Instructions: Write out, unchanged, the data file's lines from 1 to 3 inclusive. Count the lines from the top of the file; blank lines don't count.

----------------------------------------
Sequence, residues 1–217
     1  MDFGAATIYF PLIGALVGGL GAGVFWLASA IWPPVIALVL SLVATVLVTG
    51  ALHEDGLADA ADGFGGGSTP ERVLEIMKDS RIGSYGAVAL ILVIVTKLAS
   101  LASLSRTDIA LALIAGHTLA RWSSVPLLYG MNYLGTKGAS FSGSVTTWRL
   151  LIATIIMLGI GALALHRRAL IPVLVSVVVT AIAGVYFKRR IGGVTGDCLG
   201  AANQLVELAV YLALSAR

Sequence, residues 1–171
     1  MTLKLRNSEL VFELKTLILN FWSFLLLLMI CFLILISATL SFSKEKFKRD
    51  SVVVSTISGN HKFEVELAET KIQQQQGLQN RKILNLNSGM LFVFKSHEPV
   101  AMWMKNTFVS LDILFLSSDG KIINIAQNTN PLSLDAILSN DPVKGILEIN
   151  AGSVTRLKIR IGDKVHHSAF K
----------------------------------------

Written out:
Sequence, residues 1–217
     1  MDFGAATIYF PLIGALVGGL GAGVFWLASA IWPPVIALVL SLVATVLVTG
    51  ALHEDGLADA ADGFGGGSTP ERVLEIMKDS RIGSYGAVAL ILVIVTKLAS